GREAT FALLS — With all public K-12 schools in Montana closed due to concerns about the spread of coronavirus (COVID-19), many parents are wondering what this means for their kids and how schools will continue.
Parents at Riverview Elementary School went to the school on Wednesday to pick up packets for their kids.
“It can be a little bit of stressful at times," said Stacy Hoehn. She she a kindergartener and a 5th grader at Riverview and she sees the challenges ahead. “Trying to get everybody online at different times with multiple kids and multiple schools, making sure that those folks that we can kind of rotate time and get everyone online to get their assignments accomplished."
She added, "“Definitely all in close quarters we are used to being in separate places during the day and back together in the evening, both my husband and I work, so it will be really challenging to get through the next couple of weeks and keep everybody safe."
Luke Diekhans, the Riverview principal, says that teachers are working hard for their students: “We are so lucky in Great Falls Public Schools, we have teachers who are just at the heart of their own kids and that’s what they are focused on right now." He added, "Honestly it’s been...there are a lot of little frustrations that have come along but they pieces that we have put together are the things that have been positive."
Diekhans continued, “When kids come back to school, they have to be prepared to go back to school. We wan to jump back in and get moving for the rest of the year, if that does happen."
The schools understand that parents are frustrated with the situation. “To all the parents out there, we know the frustration right now to have your kids at home, do your very best to break up your day for them...so when schools do open up we can get them back into school and learning."
But if you are having issues with childcare Great Falls Public Schools is lending a hand - they’re offering childcare for healthcare workers, first responders and other emergency staff. The idea is to help parents who may be required to show up for work.
What: Childcare for elementary school children of Great Falls whose parent is on shift in a critical safety or health job.
Who: HANDS personnel along with regular Great Falls Public Schools employees, paras, teachers and administrators will provide childcare.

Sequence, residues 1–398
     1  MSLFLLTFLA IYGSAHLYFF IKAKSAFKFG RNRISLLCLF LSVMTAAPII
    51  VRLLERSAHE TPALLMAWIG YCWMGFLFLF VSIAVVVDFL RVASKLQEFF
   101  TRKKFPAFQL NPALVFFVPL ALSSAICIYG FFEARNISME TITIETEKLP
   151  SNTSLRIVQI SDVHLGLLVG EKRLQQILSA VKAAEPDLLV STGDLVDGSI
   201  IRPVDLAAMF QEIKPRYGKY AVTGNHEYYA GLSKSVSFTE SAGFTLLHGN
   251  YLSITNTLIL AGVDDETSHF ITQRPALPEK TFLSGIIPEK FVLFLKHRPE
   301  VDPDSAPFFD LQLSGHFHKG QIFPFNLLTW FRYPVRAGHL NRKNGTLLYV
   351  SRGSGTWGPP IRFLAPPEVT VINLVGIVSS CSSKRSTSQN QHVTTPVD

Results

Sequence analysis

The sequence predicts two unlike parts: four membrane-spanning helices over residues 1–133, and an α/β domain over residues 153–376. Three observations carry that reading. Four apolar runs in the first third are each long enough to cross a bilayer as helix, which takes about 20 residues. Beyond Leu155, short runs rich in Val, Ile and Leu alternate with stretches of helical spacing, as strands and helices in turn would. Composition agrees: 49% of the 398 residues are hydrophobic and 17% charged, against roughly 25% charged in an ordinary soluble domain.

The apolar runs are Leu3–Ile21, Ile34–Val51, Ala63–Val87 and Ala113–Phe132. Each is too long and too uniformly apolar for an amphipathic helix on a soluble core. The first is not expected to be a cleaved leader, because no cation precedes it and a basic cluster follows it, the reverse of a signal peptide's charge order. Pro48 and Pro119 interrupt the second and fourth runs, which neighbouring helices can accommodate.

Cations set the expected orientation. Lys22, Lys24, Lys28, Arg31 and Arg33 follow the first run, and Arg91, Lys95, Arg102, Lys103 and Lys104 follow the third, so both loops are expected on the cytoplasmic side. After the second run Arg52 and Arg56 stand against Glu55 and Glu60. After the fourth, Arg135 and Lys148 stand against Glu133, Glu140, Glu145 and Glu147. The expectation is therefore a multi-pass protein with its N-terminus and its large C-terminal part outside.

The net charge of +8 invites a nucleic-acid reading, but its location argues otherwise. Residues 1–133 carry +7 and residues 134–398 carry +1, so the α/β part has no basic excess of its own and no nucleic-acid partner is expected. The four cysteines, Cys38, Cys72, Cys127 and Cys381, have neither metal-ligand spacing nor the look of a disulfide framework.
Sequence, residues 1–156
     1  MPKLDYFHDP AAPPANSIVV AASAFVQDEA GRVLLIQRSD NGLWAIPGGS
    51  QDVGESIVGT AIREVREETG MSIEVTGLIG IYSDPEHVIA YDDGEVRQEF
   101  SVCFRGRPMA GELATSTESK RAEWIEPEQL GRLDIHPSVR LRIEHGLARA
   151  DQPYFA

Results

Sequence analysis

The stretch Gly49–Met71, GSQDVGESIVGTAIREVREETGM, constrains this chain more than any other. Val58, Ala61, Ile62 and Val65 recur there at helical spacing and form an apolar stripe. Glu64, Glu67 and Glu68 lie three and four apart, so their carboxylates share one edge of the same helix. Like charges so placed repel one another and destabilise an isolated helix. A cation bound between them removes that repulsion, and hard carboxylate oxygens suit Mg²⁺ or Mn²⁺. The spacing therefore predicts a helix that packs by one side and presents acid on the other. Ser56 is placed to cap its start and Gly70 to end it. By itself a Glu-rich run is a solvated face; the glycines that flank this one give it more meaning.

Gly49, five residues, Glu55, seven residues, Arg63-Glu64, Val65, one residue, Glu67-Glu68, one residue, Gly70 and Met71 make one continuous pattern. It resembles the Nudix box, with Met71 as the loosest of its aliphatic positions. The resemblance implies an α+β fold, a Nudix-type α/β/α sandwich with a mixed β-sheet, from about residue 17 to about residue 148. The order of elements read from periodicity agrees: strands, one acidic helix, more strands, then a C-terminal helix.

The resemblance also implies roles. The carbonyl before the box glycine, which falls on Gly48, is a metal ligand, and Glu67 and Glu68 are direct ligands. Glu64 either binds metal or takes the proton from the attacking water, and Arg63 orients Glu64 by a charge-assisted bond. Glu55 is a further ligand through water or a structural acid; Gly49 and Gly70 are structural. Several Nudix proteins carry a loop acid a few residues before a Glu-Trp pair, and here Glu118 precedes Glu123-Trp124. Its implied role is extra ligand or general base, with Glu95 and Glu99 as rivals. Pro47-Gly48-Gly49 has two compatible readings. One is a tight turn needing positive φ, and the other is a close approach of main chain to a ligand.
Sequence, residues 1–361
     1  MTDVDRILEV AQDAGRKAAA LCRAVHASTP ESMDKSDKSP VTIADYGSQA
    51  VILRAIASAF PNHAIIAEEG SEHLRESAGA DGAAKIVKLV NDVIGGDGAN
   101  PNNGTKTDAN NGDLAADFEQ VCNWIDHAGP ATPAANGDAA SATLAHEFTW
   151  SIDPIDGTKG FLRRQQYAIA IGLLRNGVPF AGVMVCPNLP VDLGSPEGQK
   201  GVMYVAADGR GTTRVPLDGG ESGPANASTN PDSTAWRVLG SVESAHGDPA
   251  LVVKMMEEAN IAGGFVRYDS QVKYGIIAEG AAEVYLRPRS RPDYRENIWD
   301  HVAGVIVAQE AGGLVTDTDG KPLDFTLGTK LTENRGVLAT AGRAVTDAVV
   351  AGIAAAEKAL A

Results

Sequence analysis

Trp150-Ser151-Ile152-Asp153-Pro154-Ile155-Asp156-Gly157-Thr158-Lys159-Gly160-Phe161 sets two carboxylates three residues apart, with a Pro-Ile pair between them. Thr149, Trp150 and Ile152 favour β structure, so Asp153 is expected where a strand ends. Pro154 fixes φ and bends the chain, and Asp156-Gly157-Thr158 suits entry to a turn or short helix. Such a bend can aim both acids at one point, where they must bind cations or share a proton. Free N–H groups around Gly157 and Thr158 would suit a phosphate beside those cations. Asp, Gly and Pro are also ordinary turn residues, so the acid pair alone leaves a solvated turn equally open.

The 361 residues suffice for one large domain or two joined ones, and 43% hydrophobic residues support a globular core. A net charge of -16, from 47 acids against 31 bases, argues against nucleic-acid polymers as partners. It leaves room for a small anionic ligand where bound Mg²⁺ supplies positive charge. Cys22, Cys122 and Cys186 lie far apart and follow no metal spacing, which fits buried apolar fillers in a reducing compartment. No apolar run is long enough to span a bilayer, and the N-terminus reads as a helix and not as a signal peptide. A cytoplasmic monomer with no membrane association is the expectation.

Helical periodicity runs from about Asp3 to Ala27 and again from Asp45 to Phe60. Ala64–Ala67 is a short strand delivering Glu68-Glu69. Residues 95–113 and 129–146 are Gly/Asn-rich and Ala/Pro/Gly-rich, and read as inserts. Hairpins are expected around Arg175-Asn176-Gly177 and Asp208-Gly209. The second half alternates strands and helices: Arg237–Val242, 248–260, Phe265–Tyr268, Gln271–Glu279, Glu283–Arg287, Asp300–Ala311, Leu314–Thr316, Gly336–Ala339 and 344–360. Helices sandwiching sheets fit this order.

Why: We will work together to ensure that our critical medical and safety employees are able to work in Great Falls.
When: HANDS centers are open from 6:45 am to 6:00 pm
Where: Three elementary schools--Lewis and Clark, Meadow Lark, and Loy. Additional schools will be added as parents enroll their children. Schools will be added in this order: Valley View, Lincoln and Sacajawea.
If you are an employee in a critical health or safety job and your child may need childcare, please click this link and fill out the form to make enrollment easier when you do need it. Bring with you: Letter from your employer stating the critical need for you to be at work and your work ID.
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There are now 10 confirmed COVID-19 patients in Montana. Here is the publicly-released information about them:
- Gallatin County (3): man in his 40s; recovering at home; acquired through international travel; 2 men in their 20s
- Missoula County (3): man in his 50s, woman in her 30s; man in his 20s
- Yellowstone County (2): woman in her 50s; recovering at home; acquired through international travel; woman in her 20s
- Butte-Silver Bow County: man in his 50s; recovering at home; acquired domestically in affected areas out of state
- Broadwater County: man in his 50s; recovering at home; acquired domestically in affected areas out of state
- NOTE: there is an 11th Montanan diagnosed with COVID-19; she is from Lake County, is a part-time Montana resident currently in Maryland with no documented exposures or close contacts in Montana, and was not tested in Montana. She was tested and diagnosed in Maryland, where she currently is residing.
There are currently no confirmed cases of coronavirus (COVID-19) in Great Falls or Cascade County. KRTV is aware of concerns in the community about who should be tested and who is able to get tested, and are working to get answers from public health officials.